Numerous groups and individuals today are challenging us in regard to our relationship to mother earth, urging us to be less blind, less unthinking and less reckless in terms of how we relate to the earth.
Every day our newscasts point out how, without much in the way of serious reflection, we are polluting the planet, strip-mining its resources, creating mega-landfills, pouring carbon dangerously into the atmosphere, causing the disappearance of thousands of species, creating bad air and bad water and thinning the ozone layer.
And so the cry goes out: Live more simply, use fewer resources, lessen your carbon footprint, and try to recycle whatever you’ve used as much as you can.
That challenge, of course, is very good and very important. The air we breathe out is the air we will eventually inhale and so we need to be very careful about what we exhale.
This planet is our home and we need to ensure that, long-term, it can provide us with the sustenance and comfort of a home.
But, true as this is, there’s still another, very important reason why we need to treat mother earth with more caution and respect:
Christ himself is vitally bound up with nature and his reasons for coming to earth also include the intention of redeeming the physical universe.
What’s implied here? Let me begin with an anecdote which captures, in essence, what’s at stake.
The scientist-theologian, Pierre Teilhard de Chardin, in conversation with a Vatican official who was confused by his writings and doctrinally suspicious of them, was once asked, “What are you trying to do in your writings?”
Teilhard responded, “I am trying to write a Christology that is wide enough to incorporate the full Christ because Christ is not just an anthropological event but he is also a cosmic phenomenon.”
Simply translated, he is saying that Christ didn’t just come to save people; he also came to save the planet, of which people are only one part.
In saying that, Teilhard has solid Scriptural backing. Looking at the Scriptures, we find that they affirm that Christ didn’t just come to save people, he came to save the world.
For example, the Epistle to the Colossians records an ancient Christian hymn which affirms both that Christ was already a vital force inside the original creation (“that all things were made through him”) and that Christ is also the end point of all history, human and cosmic (Colossians 1:15-20).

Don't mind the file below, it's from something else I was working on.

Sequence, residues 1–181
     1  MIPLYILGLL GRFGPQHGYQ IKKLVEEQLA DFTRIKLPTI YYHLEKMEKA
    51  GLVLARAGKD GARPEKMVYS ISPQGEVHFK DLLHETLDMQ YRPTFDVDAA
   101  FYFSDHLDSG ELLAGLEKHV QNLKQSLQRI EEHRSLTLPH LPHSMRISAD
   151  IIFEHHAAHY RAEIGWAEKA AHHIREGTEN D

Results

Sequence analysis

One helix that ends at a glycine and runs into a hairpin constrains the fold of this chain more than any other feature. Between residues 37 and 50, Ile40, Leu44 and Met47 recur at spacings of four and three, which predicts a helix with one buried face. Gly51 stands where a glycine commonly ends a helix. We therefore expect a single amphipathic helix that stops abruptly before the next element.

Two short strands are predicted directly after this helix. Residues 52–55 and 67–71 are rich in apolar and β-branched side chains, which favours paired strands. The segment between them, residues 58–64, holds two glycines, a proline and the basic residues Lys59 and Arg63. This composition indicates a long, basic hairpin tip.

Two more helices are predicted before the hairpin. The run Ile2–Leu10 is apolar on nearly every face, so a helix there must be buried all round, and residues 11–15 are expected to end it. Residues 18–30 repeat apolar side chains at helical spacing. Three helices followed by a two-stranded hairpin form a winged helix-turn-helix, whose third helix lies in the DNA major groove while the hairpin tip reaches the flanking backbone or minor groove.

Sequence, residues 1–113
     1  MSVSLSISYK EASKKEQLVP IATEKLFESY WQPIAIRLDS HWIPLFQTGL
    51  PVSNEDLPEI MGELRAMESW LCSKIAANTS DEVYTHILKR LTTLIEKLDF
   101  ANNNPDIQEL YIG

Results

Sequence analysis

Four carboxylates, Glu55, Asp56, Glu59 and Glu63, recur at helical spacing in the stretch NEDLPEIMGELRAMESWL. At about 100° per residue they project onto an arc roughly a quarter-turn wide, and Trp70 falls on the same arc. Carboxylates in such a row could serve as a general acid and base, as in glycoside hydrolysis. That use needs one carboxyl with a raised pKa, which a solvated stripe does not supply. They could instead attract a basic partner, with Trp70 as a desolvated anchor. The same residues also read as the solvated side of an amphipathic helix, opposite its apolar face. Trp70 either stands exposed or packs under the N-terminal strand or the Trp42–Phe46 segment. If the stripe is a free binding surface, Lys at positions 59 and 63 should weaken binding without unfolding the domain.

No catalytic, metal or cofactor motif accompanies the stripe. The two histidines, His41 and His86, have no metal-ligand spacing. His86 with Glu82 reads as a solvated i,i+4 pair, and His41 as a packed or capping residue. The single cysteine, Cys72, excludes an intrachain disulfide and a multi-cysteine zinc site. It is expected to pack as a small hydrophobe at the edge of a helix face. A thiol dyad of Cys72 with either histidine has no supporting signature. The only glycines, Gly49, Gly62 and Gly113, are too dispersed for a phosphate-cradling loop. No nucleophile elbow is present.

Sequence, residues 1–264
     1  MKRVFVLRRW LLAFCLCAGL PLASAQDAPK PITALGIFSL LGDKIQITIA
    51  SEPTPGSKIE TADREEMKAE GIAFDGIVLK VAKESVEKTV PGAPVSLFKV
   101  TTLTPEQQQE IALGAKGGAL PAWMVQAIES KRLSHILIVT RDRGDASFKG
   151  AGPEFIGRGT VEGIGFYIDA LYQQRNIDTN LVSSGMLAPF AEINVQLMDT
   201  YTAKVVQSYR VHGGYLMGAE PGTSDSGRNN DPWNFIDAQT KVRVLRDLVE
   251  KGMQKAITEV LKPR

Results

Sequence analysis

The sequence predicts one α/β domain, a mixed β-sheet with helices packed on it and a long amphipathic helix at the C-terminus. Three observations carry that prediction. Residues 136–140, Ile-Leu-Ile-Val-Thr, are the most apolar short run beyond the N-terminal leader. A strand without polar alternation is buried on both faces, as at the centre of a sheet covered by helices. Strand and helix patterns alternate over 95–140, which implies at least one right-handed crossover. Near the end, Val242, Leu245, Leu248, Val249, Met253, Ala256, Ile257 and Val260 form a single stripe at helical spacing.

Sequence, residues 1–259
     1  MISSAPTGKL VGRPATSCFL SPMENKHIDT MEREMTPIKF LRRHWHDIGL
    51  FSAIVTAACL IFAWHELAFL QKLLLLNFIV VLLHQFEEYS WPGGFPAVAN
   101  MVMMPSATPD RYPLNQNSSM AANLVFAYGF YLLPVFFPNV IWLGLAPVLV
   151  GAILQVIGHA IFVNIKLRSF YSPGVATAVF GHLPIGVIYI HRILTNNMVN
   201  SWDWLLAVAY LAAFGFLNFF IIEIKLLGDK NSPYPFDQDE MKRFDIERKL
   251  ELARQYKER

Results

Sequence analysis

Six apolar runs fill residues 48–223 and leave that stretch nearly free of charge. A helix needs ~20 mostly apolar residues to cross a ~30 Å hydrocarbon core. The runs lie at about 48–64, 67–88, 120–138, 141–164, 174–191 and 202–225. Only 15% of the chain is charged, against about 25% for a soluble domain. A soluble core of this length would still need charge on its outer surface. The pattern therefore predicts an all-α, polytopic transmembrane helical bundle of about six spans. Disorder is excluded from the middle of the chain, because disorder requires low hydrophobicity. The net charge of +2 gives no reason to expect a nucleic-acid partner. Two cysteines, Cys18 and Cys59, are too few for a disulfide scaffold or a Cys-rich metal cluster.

The Epistle to the Ephesians, also recording an ancient Christian hymn (Ephesians 1:3-10), makes the same point.
The Epistle to the Romans is even more explicit in affirming that physical creation, mother earth and our physical universe, are “groaning” as they too wait for redemption by Christ (Romans 8:19-22).
Among other things, these texts affirm that the physical world is part of God’s plan for eventual heavenly life. Three clear principals are contained in these texts if we tease out their implications.
First, nature, not just humanity, is being redeemed by Christ.
The world is not just a stage upon which human history plays out; it has intrinsic meaning and value beyond what it means for us as humans.
Physical nature is, in effect, brother and sister with us in the journey toward the divinely intended end of history.
Christ also came to redeem the earth, not just those of us who are living on it. Physical creation too will enter in the final synthesis of history, that is, heaven.
Second, nature has intrinsic rights, not just the rights we find convenient to accord it.
What this means is that defacing or abusing nature is not just a legal and environmental issue, it’s a moral issue. We are violating someone’s (something’s) intrinsic rights.
Thus, when we mindlessly throw a soda can into a ditch, we are not just breaking a law, we are also, at some deep level, defacing Christ.
We need to respect nature, not, first of all, so that it doesn’t recoil on us and give us back our own asphyxiating pollution, but because it, akin to humanity, has its own rights. A teaching too rarely affirmed.
Third, the quest for community and consummation within God’s kingdom (our journey toward heaven) is a quest that calls us not just to a proper relationship with God and with each other, but also to a proper relationship with physical creation.
We are humans with bodies living on the earth, not disembodied angels living in heaven, and Christ came to save our bodies along with our souls.
He came, as well, to save the physical ground upon which we walk since he was the very pattern upon which and through which the physical world was created.
Ron Rolheiser is a Missionary Oblate priest who is serving as president of the Oblate School of Theology in San Antonio, Texas. A longer version of this article first appeared on his website and is used with his permission. He can be contacted through his website, RonRolheiser.com, and you can find him on Facebook.
A Missionary Oblate priest who serves as President Emeritus of the Oblate School of Theology in San Antonio.